Interview with Rick Nielsen of Cheap Trick: Of Every Era

For Cheap Trick, marking their 35th anniversary with their most recent album—aptly and simply titled The Latest—and embarking on a tireless supporting tour is all in a day’s work. An accomplished finished product from the band’s own label, Cheap Trick Unlimited (RED Distribution), The Latest is a treat for veteran fans and new listeners. Vocally and musically, original members Robin Zander, Rick Nielsen, Tom Petersson, and Bun E. Carlos, deliver expertly. In the throes of a maddening Christmas season I spoke with Nielsen from his home studio about the album’s composition, statistics, Cheap Trick Day, and all the latest in-between.

I saw that tomorrow is your birthday.

Yes, it is.

Happy birthday!

Well, thank you. It’s actually my wedding anniversary too. And it was my wife’s birthday.

December’s an eventful month for you!

Yeah, and they have this other thing coming up called Christmas.

I’ve heard of it. Stressful for some, not for others.

Well this is always chaos. My life has a lot of chaos, but this is extra chaotic.

Well, you’re also in one of the most successful bands of all time so that might contribute a little, too.

Oh yeah, right. (Laughs) ‘One of the most successful bands of all time’…this is Rick Nielsen from Cheap Trick. (Laughs)

Yes, I know. Since we’re on the subject, I read somewhere that you insist Cheap Trick is the fifth most influential band…

No, no. Just a lot of people’s fifth favorite band.

Who are the other four?

Oh, I don’t know. That’s your decision, not mine. Like, ‘Oh, I like this band and this band…’ We’re in the top five. I don’t expect to be your number one favorite band.

So you didn’t poll the masses or anything?

No, no. It’s just my quote. Probably wrong. They do these polls like, ‘47 percent of the people…,’ I’ve never been polled by anybody on any of these things about any of this information. It depends on what date, what was the exact question, what mood were they in? Did you sneak up on them? There are so many different variables. You can probably make the chart exactly how your want it. (Laughs)

Oh, sure, I think you can always skew the data in your favor. Unless it’s on Family Feud then it’s irrefutable.

Yeah, then you have the whole family there and it’s like a bad intervention.

To the new album, The Latest. Was developing this latest album any different from previous efforts, composition-wise?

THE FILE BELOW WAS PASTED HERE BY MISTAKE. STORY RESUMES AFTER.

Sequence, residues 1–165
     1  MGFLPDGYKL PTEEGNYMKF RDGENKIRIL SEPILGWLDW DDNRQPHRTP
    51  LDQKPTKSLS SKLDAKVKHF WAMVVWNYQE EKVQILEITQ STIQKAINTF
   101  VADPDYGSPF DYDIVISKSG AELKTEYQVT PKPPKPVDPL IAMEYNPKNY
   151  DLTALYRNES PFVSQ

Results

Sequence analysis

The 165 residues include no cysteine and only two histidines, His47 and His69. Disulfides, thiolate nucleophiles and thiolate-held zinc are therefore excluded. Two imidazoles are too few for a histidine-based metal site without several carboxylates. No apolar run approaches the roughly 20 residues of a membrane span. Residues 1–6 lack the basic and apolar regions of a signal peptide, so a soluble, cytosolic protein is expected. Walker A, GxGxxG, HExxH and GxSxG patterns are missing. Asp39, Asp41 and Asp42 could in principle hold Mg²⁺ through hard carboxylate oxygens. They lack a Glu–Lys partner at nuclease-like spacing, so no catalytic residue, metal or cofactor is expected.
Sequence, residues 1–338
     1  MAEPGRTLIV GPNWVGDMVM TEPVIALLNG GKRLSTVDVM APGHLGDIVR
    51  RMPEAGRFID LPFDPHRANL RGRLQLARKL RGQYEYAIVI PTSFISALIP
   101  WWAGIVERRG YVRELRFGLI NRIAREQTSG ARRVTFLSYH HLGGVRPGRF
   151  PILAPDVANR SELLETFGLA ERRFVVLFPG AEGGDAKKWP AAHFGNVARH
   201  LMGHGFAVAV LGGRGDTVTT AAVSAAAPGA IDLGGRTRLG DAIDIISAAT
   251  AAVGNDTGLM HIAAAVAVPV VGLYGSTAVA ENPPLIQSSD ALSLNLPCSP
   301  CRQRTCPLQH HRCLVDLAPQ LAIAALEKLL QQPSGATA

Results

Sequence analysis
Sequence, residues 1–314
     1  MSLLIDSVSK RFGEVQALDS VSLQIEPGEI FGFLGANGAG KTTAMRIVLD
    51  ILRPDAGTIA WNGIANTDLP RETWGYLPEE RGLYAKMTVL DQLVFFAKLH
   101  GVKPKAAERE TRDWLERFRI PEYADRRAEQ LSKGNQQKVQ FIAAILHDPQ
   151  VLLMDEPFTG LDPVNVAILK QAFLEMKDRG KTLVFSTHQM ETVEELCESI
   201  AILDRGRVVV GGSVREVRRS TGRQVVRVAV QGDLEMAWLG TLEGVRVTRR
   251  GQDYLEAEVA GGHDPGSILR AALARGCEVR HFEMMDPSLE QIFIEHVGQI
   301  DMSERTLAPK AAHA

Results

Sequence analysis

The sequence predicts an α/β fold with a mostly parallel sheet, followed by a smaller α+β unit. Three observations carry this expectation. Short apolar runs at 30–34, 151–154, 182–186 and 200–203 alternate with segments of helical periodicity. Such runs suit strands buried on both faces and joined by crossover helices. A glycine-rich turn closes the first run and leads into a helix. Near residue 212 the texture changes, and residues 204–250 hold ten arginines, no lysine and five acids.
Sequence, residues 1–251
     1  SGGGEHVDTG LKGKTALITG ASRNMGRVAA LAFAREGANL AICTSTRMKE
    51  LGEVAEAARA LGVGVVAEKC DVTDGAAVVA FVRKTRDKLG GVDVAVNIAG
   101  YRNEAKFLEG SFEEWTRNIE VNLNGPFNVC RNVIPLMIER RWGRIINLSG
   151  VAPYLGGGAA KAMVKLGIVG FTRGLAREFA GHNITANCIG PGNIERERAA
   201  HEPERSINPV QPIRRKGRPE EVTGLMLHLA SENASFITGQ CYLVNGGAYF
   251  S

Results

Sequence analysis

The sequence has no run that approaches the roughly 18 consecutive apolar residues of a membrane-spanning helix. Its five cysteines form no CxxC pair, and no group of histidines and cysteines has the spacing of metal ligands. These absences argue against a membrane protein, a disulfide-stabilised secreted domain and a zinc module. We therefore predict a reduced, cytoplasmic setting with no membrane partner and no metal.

Well, we’re credited with all of the writing, but usually the guy whose name is first in the credits came up with the original idea or the majority of it. Everything’s like a band effort these days. If we’re doing a Cheap Trick record, then Cheap Trick guys are in on it. If we have a cover song or somebody else has something that we like, we’ll do it. The fact that we make up our own parts and this and that—we really never used or relied heavily on outside writers. Like with this record, I wrote the intro thing (‘Sleep Forever’), after a funeral for a guy that worked for us because, you go to those things and—I also wrote the song called ‘Words’—and words can never say what you’re feeling so that’s kind of like the theme.

So you go to these things and people say, ‘Oh, doesn’t he look great?’ No he doesn’t! He looks terrible! And words can’t say it so I wrote the first song which is sort of singing to a dead person, which is kind of a goofy thing, but it’s not like a (sings) ‘Rock of ages…’. There’s really no great thing that gets played and I didn’t think there was really anything out there that related to how I felt, so I wrote the intro song, and that’s a minute-and-a-half or something, I think. Then it goes straight into a rock song. It’s like, ‘Huh?’ But where else could you put that? If you put it at the end, nobody would probably listen to it. This way, it just helps to show the diversity we have. And we try to do, in a way, a sort of trilogy. Three, three, three, three. And then we, well, we added another song so it’s three, three, three, three, and one. But some of the songs are regular length and some are just about what they were supposed to be, a minute or a minute-and-a-half or two minutes. Because why add more? Or this one fit with this, or this one didn’t, but it butts up neat to it so we segued. It wasn’t one overall theme, just themes within a theme.

I came up with the title of the album, The Latest. We’ve all heard that so many times, ‘Here’s the latest from…’ so I thought we’d just call it The Latest. It’s like, if it’s some significant date that nobody remembers or some name—I always remember that Sting album, The Black Turtles From Zanzibar, or whatever it is; I don’t know, to this day, what it is. Confusing. Do you expect people to know all about Cheap Trick or all about Metallica, or whoever. Now we say, ‘Oh, did you hear our latest album? It’s The Latest.’ I really wanted to call it Dicks In The Dirt. No, Dicks In The Sand.

Well, I have to ask now that you’ve brought it up, is that how the cover photo came about?

No, that was a John Varvatos clothing shot we did at Santa Monica Beach and Pier. He rented it out and that was one of the scenes we were going to do for one of his ads. We didn’t use it but I’m glad we had it because it’s cool. That was me actually buried in the sand. Looks like the other three are getting ready to tee up on me.

A couple songs on the album are shorter than the others, but even so, that’s how those songs are meant to be.